Part I Overview Information


Department of Health and Human Services

Participating Organizations
National Institutes of Health (NIH) (http://www.nih.gov)

Components of Participating Organizations
National Cancer Institute (NCI), (http://www.cancer.gov)

Title: Feasibility Studies for Collaborative Interaction for Minority Institution/Cancer Center Partnership (P20)

Announcement Type
This is a reissue of PAR-07-230

Update: The following update relating to this announcement has been issued:

Looking ahead: As part of the Department of Health and Human Services' implementation of e-Government the NIH will gradually transition each research grant mechanism to electronic submission through Grants.gov and the use of the SF 424 Research and Related (R&R) forms. For more information and an initial timeline, see http://grants.nih.gov/grants/guide/notice-files/NOT-OD-06-035.html. NIH will announce each grant mechanism change in the NIH Guide to Grants and Contracts (http://grants.nih.gov/grants/guide/index.html).

Program Announcement (PA) Number: PAR-09-201

Catalog of Federal Domestic Assistance Number(s)
93.393, 93.394, 93.396, 93.398, 93.399

Key Dates
Release/Posted Date: June 11, 2009
Letters of Intent Receipt Date(s): March 19, 2010; March 19, 2011; March 19, 2012
Application Due Date(s): April 19, 2010; April 19, 2011; April 19, 2012
Peer Review Date(s): July 2010; July 2011; July 2012
Council Review Date(s): October 2010; October 2011; October 2012
Earliest Anticipated Start Date(s): December 2010; December 2011; December 2012
Additional Information To Be Available Date (Activation Date): Not Applicable
Expiration Date: April 20, 2012

Due Dates for E.O. 12372

Not Applicable.

Additional Overview Content

Executive Summary

Table of Contents


Part I Overview Information

Part II Full Text of Announcement

Section I. Funding Opportunity Description
1. Research Objectives

Section II. Award Information
1. Mechanism of Support
2. Funds Available

Section III. Eligibility Information
1. Eligible Applicants
A. Eligible Institutions
B. Eligible Individuals
2. Cost Sharing or Matching
3. Other - Special Eligibility Criteria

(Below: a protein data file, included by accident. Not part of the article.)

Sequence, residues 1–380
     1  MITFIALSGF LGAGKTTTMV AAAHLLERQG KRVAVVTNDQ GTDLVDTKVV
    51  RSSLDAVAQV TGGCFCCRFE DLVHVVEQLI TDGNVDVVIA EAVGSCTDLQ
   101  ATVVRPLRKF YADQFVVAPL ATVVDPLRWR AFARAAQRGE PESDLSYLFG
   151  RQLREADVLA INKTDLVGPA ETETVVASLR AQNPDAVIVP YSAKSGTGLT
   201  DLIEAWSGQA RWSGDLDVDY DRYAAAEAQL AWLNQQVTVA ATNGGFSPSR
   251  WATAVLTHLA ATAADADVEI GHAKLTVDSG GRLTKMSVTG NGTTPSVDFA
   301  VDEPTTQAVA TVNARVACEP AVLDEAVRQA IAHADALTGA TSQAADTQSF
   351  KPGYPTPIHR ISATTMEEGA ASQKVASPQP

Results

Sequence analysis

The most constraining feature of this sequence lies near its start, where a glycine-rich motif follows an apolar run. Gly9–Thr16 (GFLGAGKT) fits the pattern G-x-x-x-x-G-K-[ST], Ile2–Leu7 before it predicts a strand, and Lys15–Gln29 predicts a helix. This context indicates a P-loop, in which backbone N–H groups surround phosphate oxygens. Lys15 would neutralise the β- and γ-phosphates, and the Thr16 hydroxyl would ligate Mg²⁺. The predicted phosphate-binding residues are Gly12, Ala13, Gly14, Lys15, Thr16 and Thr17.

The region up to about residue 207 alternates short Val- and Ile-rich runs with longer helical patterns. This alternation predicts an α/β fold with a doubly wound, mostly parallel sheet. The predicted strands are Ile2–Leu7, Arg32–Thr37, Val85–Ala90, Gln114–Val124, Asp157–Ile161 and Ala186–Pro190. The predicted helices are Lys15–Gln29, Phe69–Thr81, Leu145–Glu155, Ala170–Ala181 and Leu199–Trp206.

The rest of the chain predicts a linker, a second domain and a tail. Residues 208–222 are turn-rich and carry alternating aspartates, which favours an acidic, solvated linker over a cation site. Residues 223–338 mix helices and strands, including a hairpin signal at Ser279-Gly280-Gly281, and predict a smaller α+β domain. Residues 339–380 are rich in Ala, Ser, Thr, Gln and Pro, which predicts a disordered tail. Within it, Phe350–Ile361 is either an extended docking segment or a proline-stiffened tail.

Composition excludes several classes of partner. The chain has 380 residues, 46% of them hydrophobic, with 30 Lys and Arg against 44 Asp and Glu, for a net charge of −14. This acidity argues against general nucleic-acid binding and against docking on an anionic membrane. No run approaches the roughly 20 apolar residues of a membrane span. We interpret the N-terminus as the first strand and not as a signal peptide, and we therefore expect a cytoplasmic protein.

Section IV. Application and Submission Information
1. Address to Request Application Information
2. Content and Form of Application Submission
3. Submission Dates and Times
A. Receipt and Review and Anticipated Start Dates
1. Letter of Intent
B. Sending an Application to the NIH
C. Application Processing
4. Intergovernmental Review
5. Funding Restrictions
6. Other Submission Requirements

Section V. Application Review Information
1. Criteria
2. Review and Selection Process
A. Additional Review Criteria
B. Additional Review Considerations
C. Resource Sharing Plan(s)
3. Anticipated Announcement and Award Dates

Section VI. Award Administration Information
1. Award Notices
2. Administrative and National Policy Requirements
3. Reporting

Section VII. Agency Contact(s)
1. Scientific/Research Contact(s)
2. Peer Review Contact(s)
3. Financial/ Grants Management Contact(s)

Section VIII. Other Information - Required Federal Citations

Part II - Full Text of Announcement


Section I. Funding Opportunity Description


1. Research Objectives

Purpose

The National Cancer Institute (NCI) invites linked award applications for feasibility studies to help researchers and faculty at Minority-Serving Institutions (MSIs) establish collaborative partnerships with the researchers and faculty of NCI-designated Cancer Centers (or other institutions with highly organized, integrated research efforts focused on cancer). The awards (using the NIH P20 mechanisms) are designed to facilitate planning and implementation of focused collaborations in cancer-related research, training, career development, education, and/or outreach. The sole intent of these P20 partnership awards is to provide support for cancer projects and programs for a limited time to perform feasibility studies and obtain preliminary data that will lead to the submission of specific competitive grant applications for support by the NCI and/or other sources of peer-reviewed funding.

MSIs are defined as institutions at which students of minority groups that are underrepresented in the biomedical sciences (e.g., African Americans, Hispanics, Native Americans, Alaskan Natives, Native Hawaiians, Pacific Islanders), comprise a significant proportion of the enrollments and at which there have been documented records of commitment to the special encouragement of minority faculty, students, and investigators.

Feasibility Studies for Collaborative Interactions must be focused on promoting and conducting collaborative activities between the MSI and the Cancer Center in one or more of the targeted areas:

1)Collaborative cancer research project(s);

2)Collaborative training and career development programs designed to train students and scientists;